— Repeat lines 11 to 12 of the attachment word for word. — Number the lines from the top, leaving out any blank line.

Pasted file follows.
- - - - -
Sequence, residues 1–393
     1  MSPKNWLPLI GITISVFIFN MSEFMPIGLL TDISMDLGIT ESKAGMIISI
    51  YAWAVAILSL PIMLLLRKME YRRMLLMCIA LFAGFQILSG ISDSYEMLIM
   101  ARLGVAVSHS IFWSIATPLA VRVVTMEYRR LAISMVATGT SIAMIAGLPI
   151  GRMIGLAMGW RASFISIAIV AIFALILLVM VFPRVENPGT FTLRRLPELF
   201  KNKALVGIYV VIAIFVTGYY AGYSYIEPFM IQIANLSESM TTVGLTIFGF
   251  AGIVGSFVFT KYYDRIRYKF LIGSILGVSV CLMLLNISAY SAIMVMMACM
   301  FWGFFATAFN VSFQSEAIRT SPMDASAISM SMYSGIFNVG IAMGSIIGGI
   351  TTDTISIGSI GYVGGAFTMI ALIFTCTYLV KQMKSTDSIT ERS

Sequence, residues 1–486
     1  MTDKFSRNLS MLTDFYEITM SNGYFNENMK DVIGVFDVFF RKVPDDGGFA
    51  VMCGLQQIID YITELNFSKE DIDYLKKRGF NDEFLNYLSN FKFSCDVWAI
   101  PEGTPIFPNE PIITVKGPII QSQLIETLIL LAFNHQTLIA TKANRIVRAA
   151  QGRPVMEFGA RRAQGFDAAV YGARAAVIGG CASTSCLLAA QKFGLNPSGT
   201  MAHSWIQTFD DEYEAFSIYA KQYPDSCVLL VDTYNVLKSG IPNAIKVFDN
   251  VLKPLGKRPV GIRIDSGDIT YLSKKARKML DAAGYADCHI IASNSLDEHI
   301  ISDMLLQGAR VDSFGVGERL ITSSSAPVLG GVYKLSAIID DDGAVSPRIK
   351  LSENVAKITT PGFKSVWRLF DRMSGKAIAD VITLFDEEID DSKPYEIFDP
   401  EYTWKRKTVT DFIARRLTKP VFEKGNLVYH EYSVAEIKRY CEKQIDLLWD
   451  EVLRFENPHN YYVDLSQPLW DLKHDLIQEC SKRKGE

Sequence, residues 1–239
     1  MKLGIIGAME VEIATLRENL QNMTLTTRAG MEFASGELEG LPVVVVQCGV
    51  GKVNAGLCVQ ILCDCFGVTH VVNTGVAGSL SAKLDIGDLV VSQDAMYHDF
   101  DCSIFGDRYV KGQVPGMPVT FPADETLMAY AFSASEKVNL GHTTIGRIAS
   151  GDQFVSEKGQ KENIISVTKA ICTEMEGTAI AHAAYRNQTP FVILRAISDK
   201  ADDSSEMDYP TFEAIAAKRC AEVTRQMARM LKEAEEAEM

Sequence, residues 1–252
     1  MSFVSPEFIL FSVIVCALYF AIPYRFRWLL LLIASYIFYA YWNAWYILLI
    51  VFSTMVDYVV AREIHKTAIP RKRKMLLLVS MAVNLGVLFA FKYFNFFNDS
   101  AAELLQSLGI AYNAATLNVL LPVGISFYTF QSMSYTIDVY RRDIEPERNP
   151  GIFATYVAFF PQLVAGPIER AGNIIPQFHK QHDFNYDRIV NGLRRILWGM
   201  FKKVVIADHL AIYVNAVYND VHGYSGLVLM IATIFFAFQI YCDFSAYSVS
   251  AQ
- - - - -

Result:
     1  MTDKFSRNLS MLTDFYEITM SNGYFNENMK DVIGVFDVFF RKVPDDGGFA
    51  VMCGLQQIID YITELNFSKE DIDYLKKRGF NDEFLNYLSN FKFSCDVWAI